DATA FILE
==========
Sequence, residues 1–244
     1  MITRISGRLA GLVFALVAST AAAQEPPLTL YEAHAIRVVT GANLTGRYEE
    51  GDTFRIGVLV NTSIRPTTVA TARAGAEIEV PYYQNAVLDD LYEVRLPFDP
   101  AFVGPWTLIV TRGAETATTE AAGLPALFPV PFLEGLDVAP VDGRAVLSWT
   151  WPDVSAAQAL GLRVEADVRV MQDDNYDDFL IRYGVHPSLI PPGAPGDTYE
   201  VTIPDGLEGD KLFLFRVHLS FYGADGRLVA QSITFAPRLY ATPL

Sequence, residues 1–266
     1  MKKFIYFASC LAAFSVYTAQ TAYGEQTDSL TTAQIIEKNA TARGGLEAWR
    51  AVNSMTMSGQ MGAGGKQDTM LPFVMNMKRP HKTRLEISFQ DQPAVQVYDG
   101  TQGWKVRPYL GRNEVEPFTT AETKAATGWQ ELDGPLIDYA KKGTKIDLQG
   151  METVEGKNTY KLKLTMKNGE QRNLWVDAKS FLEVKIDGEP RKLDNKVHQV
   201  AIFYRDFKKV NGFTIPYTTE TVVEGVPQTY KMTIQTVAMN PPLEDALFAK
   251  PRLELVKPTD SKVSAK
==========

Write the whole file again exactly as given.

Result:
Sequence, residues 1–244
     1  MITRISGRLA GLVFALVAST AAAQEPPLTL YEAHAIRVVT GANLTGRYEE
    51  GDTFRIGVLV NTSIRPTTVA TARAGAEIEV PYYQNAVLDD LYEVRLPFDP
   101  AFVGPWTLIV TRGAETATTE AAGLPALFPV PFLEGLDVAP VDGRAVLSWT
   151  WPDVSAAQAL GLRVEADVRV MQDDNYDDFL IRYGVHPSLI PPGAPGDTYE
   201  VTIPDGLEGD KLFLFRVHLS FYGADGRLVA QSITFAPRLY ATPL

Sequence, residues 1–266
     1  MKKFIYFASC LAAFSVYTAQ TAYGEQTDSL TTAQIIEKNA TARGGLEAWR
    51  AVNSMTMSGQ MGAGGKQDTM LPFVMNMKRP HKTRLEISFQ DQPAVQVYDG
   101  TQGWKVRPYL GRNEVEPFTT AETKAATGWQ ELDGPLIDYA KKGTKIDLQG
   151  METVEGKNTY KLKLTMKNGE QRNLWVDAKS FLEVKIDGEP RKLDNKVHQV
   201  AIFYRDFKKV NGFTIPYTTE TVVEGVPQTY KMTIQTVAMN PPLEDALFAK
   251  PRLELVKPTD SKVSAK